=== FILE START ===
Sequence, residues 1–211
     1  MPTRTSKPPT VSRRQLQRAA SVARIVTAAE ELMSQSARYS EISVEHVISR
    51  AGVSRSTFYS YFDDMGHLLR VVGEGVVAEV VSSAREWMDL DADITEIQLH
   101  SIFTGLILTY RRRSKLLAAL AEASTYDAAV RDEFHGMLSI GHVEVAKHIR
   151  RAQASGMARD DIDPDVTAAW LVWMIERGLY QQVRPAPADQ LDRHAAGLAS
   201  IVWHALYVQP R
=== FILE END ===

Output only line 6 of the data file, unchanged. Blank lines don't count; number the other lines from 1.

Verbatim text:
   201  IVWHALYVQP R